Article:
(société en commandité), a form of commercial partnership in capitalist countries.
Members of a commandite are subdivided into two categories: full partners, who bear unrestricted personal liability for the obligations of the partnership, and limited partners, who are liable for the obligations of the partnership within the limits of their contribution, whose size is determined by contract and recorded in a register. Unlike full partners, limited partners do not have a right to manage the affairs of the commandite or to act as its representatives. Commandites appeared in Western Europe in the 15th and 16th centuries; in Great Britain the commandite is represented by one of the forms of partnership with limited liability—limited partnership.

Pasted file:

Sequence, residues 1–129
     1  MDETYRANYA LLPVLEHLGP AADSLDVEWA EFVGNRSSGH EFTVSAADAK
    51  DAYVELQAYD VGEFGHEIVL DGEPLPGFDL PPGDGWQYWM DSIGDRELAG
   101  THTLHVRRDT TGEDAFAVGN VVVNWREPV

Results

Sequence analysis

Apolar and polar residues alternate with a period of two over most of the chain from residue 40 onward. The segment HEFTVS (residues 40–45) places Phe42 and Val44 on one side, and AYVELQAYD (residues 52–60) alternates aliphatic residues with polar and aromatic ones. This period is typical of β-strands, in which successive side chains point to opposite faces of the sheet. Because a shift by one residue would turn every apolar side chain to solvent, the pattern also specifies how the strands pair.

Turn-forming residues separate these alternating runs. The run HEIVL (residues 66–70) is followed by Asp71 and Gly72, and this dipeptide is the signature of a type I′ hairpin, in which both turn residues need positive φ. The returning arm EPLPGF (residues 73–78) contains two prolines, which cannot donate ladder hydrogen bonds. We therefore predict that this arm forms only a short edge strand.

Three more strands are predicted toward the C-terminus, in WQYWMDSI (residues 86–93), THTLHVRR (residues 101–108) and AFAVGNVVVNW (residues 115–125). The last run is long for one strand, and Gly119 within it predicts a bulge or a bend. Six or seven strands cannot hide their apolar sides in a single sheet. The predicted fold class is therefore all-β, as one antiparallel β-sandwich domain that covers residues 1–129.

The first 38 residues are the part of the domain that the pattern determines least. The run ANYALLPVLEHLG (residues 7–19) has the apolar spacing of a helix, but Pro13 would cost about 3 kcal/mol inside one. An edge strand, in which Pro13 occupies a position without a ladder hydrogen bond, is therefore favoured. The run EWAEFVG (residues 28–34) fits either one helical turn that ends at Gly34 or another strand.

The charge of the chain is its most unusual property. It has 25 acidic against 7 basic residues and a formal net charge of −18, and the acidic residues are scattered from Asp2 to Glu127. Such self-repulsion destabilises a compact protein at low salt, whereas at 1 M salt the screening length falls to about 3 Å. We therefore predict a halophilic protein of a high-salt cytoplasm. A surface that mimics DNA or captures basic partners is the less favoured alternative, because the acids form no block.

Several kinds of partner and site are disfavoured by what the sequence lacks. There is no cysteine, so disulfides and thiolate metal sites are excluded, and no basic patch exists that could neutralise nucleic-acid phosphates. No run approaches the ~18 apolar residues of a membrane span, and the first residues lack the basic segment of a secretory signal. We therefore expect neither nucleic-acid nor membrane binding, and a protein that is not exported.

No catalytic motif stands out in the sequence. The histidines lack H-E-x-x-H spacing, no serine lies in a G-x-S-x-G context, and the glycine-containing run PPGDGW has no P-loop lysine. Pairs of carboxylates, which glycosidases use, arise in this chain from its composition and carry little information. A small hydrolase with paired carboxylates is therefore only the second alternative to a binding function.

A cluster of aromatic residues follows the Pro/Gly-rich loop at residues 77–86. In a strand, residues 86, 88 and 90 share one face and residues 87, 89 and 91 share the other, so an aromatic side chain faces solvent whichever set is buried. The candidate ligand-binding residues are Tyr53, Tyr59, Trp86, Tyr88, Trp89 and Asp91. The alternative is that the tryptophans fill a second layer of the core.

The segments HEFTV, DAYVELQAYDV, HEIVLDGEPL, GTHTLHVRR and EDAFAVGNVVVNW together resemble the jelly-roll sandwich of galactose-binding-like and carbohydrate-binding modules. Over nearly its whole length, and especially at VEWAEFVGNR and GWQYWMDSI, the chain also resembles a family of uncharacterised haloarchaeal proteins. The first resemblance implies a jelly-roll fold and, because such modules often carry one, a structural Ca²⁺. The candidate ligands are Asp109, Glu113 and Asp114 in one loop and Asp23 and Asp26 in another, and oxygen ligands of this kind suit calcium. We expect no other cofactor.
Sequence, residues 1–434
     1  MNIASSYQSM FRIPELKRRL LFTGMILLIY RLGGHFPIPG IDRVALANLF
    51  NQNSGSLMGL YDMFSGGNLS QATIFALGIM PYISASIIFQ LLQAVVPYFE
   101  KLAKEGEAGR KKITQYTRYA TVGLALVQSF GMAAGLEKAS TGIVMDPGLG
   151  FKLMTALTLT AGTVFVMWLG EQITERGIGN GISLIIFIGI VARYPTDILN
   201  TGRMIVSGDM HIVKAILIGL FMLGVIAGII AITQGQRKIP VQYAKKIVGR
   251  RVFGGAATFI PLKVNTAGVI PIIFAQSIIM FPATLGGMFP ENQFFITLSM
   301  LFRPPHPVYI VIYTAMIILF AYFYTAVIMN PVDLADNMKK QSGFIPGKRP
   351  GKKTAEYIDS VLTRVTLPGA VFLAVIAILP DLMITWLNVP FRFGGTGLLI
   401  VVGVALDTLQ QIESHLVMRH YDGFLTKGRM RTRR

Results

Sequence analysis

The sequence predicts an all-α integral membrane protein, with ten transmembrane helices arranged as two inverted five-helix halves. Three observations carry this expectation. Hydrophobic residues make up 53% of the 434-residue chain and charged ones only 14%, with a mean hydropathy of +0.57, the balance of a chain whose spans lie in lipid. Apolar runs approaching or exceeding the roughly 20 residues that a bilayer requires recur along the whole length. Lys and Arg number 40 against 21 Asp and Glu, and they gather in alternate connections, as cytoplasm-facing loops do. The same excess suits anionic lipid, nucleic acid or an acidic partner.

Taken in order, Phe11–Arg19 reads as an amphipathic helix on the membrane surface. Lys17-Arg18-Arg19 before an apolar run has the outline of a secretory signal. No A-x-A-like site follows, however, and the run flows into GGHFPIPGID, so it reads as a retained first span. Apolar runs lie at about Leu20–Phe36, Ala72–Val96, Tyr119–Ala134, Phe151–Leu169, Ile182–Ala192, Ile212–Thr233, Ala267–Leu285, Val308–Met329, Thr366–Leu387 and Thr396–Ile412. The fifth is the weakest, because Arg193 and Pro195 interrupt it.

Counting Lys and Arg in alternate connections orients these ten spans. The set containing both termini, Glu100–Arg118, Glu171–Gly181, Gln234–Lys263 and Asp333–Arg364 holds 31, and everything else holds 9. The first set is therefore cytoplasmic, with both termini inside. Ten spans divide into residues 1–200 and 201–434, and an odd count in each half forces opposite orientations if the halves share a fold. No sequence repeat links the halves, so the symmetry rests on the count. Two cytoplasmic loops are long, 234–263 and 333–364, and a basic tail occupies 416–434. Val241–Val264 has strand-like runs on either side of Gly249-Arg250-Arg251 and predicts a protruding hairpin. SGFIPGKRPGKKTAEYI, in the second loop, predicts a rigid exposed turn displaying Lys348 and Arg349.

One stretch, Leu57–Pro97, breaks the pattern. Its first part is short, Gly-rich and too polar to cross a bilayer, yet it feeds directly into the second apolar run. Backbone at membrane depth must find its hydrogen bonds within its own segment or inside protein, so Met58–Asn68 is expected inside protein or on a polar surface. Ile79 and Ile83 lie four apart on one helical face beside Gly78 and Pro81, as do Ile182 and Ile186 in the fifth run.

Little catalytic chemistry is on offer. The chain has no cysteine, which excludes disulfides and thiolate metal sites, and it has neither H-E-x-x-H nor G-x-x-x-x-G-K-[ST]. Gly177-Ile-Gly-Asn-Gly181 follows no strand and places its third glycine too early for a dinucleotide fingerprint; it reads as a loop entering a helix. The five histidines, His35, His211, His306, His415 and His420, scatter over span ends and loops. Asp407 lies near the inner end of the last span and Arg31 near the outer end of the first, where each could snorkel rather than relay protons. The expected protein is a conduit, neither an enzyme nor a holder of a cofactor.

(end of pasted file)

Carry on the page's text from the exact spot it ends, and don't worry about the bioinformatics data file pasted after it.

In the current practice of the capitalist states commandite is used to expedite the concentration of capital. The laws of the capitalist states provide for mandatory regulation only of those liabilities of the commandite that involve third parties; internal relations among participants in the commandite (including participation in management and the distribution of the profits) are controlled by provisions that become operative only in cases not otherwise provided for.